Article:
Hong Kong Has Issued Regulations for Crypto-Assets — Here Are the Key Takeaways

Hong Kong Has Issued Regulations for Crypto-Assets — Here Are the Key Takeaways

by October 21, 2019

The Securities and Futures Commission of Hong Kong (SFC) has issued regulations for fund managers investing in virtual assets, setting requirements for the custody of virtual assets, how to manage counterparty risk, and more.

On October 4, 2019, The financial market watchdog announced that a set of rules will be imposed on licensed corporations that manage portfolios investing in virtual assets, such as digital currencies like bitcoin and ether, but also utility tokens, security or asset-backed tokens, as well as other virtual commodities, and crypto-assets.

Key takeaways

The 37-page regulation, effective immediately, details a series of requirements virtual asset fund Managers must comply with in terms of management and operations, liquid capital, cybersecurity, compliance, custody, and counterparty risks. It applies to entities overseeing funds that allocate more than 10% of their portfolio in virtual assets.

The following are some of the main requirements:

Financial resources: Virtual asset fund managers must at all times maintain liquid capital of HK$3 million or higher.

Management audit: They must maintain an independent audit function or appoint external auditors to report on the adequacy, effectiveness and efficiency of their management, operations and internal controls.

Compliance function: Fund managers must maintain an effective and independent compliance function, including a compliance officer, to ensure the compliance with its own internal policies and procedures, and with all applicable legal and regulatory requirements.

Financial audit: Fund managers must ensure that an independent auditor is appointed to perform an audit of the financial statements of the fund in order to make available, at a minimum, an annual report for each of the funds they manage.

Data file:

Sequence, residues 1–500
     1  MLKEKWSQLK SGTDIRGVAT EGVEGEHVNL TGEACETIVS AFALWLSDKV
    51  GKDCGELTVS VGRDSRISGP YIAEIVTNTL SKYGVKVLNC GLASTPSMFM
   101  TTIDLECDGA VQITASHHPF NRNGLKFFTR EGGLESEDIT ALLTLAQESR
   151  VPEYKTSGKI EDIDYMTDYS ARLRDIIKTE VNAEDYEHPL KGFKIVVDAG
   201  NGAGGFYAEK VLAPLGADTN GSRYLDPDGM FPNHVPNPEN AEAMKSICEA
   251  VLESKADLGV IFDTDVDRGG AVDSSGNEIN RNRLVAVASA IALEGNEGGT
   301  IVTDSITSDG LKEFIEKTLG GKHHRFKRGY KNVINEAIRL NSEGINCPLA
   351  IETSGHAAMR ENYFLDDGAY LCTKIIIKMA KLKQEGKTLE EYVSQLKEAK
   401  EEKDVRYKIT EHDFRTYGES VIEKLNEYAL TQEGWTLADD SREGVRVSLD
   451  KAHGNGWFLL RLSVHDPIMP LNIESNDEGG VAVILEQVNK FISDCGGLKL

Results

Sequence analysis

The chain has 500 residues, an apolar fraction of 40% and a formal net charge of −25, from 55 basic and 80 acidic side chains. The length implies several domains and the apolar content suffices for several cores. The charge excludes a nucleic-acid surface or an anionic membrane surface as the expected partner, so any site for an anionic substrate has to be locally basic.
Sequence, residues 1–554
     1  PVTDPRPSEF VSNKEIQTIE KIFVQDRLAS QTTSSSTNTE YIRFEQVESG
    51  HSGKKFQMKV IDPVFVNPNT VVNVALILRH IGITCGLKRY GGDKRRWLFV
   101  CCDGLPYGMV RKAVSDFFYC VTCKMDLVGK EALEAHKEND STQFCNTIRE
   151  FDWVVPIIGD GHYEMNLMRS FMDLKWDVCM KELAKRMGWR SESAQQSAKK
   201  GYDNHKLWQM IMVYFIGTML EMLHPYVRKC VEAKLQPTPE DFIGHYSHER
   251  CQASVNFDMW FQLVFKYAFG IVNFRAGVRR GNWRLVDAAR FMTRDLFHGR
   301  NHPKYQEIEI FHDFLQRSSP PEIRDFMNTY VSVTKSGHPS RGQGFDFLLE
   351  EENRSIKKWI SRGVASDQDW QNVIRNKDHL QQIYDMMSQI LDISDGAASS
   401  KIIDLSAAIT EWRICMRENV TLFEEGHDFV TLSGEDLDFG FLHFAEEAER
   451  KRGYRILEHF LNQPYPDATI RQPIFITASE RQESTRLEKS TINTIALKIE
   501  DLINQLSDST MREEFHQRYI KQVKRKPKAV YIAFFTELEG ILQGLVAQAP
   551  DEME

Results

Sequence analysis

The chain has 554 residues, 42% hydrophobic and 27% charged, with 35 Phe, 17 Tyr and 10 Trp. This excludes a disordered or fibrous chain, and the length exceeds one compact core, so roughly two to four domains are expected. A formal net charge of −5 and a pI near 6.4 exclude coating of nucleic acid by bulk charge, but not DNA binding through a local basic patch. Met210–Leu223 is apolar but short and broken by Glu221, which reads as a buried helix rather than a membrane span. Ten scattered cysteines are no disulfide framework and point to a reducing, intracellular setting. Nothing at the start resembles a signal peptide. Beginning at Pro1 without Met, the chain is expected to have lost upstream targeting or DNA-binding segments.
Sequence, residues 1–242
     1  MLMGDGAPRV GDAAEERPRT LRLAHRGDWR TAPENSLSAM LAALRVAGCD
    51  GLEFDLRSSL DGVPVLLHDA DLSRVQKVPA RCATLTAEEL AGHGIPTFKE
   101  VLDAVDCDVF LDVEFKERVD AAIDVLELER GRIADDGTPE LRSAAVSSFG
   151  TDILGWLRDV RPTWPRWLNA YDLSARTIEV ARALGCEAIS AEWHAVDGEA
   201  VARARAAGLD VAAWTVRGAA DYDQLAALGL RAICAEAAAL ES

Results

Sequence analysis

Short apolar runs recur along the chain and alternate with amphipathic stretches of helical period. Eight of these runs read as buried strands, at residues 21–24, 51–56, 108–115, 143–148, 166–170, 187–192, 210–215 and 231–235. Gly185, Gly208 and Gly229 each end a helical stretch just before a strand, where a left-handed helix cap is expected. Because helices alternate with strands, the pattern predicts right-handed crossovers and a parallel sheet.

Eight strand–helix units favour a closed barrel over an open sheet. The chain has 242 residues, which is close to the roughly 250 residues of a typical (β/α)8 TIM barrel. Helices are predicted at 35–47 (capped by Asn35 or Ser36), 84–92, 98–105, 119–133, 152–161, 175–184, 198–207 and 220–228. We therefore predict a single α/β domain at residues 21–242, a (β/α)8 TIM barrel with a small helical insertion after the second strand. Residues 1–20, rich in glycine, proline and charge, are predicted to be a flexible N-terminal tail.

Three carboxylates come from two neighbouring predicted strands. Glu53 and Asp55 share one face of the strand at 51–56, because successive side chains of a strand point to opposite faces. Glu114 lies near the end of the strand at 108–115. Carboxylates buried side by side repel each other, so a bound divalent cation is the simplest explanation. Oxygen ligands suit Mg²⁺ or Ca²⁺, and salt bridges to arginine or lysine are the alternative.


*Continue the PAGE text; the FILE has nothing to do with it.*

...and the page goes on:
Participation in initial offerings: They can participate in initial offerings of Virtual Assets on behalf of funds they manage.

Segregated Hong Kong bank account: Virtual asset fund managers must establish one or more segregated bank accounts for holding the fiat money they received from clients. These bank accounts should be established and maintained with an authorized financial institution in Hong Kong or another bank in a jurisdiction approved by the SFC.

Custody: Fund managers must ensure that fund assets are properly and adequately safeguarded. They must select the most appropriate custodial arrangement for holding the fund’s virtual assets, whether that’s self-custody, selecting an independent custodian, or using hot or cold wallets. Virtual asset fund managers should also document the reasons for selecting their custodial arrangements, including self-custody of virtual assets.

Investors: Only professional investors are allowed to invest in virtual asset funds.

Counterparty risk: Fund managers have to establish and maintain an effective credit assessment system to evaluate the creditworthiness of the funds’ counterparties, such as virtual asset trading platforms. Factors such as the experience and track record of the platform, the legal and regulatory status of the platform’s operator, including its compliance history, the corporate governance structure and the background of the founders and senior management of the trading platform, should be meticulously considered.

Hong Kong Protest Bitcoin

The regulations come at a time of local interest in bitcoin is reaching unprecedented levels in Hong Kong. According to data from CoinDance, bitcoin trading reached an all-time high last month, with more than HK$12 million worth of bitcoins being exchanged on peer-to-peer bitcoin marketplace LocalBitcoins during the week of September 28, surpassing the previous record of US$11.6 million set in late January 2018.

eToro analyst Mati Greenspan believes there is a correlation between the recent spike in bitcoin trading in Hong Kong and the ongoing political crisis.

“I can’t help but feel that this could very well be a sign that some Hong Kong protesters are seeing bitcoin as a way to opt-out of the local economy, which is run by governments and financial institutions,” Greenspan said in a blog post on October 2.